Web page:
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“legislation would create a plan for the District to provide public restroom facilities”

by Prince Of Petworth January 10, 2017 at 2:45 pm 18 Comments

Photo by PoPville flickr user Susan Bird

From a press release:

“In an effort to provide dignified facilities for residents experiencing homelessness and other vulnerable populations, Ward 1 D.C. Councilmember Brianne Nadeau introduced legislation today that would create a plan for the District to provide public restroom facilities, and create incentives for businesses that make restrooms available to the public. Nadeau is the Chair of the Human Services Committee which has oversight of the Interagency Council on Homelessness. The bill was co-introduced by Councilmembers Grosso, Silverman, White, Allen, and Bonds.

“Lack of access to public restrooms is an issue which affects many residents, but its effects are particularly felt by residents experiencing homeless and people with unique restroom needs such as pregnant women, people with disabilities and the elderly,” said Nadeau. “This bill will create a thoughtful plan that helps our most vulnerable populations.”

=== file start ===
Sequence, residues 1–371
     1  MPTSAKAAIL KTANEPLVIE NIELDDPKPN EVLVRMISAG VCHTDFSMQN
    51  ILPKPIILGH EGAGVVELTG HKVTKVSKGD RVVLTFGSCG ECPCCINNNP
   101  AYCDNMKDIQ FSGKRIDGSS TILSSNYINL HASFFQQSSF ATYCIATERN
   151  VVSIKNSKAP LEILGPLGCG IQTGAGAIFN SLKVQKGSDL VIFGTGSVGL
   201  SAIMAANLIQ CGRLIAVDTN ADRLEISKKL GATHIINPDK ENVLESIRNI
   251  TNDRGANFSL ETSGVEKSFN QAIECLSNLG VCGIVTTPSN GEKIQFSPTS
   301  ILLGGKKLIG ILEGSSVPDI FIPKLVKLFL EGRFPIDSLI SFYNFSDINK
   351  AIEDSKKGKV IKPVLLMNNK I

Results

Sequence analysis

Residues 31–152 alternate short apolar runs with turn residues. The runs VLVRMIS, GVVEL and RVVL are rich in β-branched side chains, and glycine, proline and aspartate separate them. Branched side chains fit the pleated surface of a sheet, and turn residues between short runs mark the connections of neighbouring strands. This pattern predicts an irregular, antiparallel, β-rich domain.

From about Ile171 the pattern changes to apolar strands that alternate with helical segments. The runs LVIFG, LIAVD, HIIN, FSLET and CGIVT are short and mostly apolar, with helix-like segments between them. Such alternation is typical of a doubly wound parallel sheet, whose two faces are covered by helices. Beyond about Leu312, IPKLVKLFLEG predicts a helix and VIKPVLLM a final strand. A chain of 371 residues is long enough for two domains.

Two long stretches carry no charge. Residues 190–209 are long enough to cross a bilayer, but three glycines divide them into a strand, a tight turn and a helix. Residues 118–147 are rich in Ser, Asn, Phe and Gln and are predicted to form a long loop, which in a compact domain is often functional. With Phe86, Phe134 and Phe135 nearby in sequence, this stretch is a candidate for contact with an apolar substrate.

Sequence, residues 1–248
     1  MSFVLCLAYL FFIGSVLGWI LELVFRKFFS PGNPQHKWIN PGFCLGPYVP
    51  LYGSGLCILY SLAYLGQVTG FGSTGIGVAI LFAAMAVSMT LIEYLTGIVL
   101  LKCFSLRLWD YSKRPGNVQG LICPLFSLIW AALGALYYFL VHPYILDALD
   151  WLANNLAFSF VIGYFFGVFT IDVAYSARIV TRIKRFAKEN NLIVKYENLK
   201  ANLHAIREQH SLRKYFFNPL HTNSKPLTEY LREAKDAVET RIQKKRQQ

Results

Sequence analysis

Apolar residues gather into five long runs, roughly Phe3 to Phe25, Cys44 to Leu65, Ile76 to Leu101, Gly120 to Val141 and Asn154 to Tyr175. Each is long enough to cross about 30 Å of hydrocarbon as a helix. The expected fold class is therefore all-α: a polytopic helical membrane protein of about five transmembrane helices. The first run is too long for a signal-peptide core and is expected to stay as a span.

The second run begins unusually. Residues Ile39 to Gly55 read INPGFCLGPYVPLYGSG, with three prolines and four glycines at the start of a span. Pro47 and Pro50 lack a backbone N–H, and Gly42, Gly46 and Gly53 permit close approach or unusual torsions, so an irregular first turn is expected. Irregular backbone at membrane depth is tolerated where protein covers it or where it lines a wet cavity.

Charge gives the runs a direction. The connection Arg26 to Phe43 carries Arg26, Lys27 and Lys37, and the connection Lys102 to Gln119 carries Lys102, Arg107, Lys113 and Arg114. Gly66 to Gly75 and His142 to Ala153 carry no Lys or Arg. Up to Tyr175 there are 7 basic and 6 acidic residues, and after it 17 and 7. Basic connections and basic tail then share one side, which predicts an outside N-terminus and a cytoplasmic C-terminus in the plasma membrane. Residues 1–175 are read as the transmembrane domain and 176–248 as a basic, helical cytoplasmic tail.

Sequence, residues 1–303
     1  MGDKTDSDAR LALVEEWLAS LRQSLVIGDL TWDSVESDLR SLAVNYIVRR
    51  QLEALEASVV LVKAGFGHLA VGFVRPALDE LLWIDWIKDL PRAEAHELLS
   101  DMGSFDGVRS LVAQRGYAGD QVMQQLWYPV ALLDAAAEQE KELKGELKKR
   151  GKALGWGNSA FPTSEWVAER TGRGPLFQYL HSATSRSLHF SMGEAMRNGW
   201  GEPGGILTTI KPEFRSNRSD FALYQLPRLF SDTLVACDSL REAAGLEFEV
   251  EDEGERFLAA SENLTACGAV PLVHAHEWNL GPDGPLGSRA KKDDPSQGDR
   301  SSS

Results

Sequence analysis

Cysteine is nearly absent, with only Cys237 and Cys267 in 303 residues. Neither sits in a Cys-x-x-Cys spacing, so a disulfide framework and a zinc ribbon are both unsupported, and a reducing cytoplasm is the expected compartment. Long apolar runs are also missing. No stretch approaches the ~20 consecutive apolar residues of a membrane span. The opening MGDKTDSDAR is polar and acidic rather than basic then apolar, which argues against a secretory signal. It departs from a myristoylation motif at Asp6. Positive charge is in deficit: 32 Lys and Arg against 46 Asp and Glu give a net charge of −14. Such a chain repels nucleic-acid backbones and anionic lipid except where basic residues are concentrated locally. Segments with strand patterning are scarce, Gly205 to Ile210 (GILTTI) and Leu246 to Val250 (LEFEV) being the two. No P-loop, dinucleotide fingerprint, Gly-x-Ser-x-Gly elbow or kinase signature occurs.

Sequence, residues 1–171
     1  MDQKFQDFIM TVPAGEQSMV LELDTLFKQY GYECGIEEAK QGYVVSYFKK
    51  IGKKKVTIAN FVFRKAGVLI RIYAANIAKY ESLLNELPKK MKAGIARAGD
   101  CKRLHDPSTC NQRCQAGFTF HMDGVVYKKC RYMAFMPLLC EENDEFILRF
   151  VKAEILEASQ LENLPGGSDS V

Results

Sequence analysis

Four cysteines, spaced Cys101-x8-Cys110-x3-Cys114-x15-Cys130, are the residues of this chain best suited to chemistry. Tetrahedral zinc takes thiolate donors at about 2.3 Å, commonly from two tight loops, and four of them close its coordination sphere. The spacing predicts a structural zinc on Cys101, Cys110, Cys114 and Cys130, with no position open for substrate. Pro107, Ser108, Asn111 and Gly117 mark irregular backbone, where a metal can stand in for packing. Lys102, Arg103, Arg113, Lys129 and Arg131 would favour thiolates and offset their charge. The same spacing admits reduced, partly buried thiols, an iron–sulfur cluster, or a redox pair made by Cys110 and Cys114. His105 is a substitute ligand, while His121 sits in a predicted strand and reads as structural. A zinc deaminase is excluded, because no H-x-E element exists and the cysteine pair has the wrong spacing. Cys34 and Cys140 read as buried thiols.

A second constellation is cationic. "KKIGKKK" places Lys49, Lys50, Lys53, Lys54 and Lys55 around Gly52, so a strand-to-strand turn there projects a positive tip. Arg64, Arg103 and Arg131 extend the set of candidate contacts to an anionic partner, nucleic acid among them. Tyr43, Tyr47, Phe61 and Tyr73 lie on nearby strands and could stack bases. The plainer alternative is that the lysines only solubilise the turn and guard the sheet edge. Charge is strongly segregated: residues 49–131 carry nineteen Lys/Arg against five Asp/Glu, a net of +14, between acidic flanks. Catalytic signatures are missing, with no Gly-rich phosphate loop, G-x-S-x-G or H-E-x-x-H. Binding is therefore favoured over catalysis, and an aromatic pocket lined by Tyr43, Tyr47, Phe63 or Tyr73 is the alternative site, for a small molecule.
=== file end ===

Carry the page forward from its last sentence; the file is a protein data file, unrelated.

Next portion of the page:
The bill authorizes a task force to research and prepare recommendations for installing public restrooms in the District. The task force will make specific proposals, such as site location and pricing, which could serve as a roadmap for future installation of public restroom facilities. Many major world cities in Europe and Asia readily provide public restrooms, and large U.S. cities have increasingly sought to provide restroom access for all.

A copy of the bill as introduced is available here.”

  • tito jackson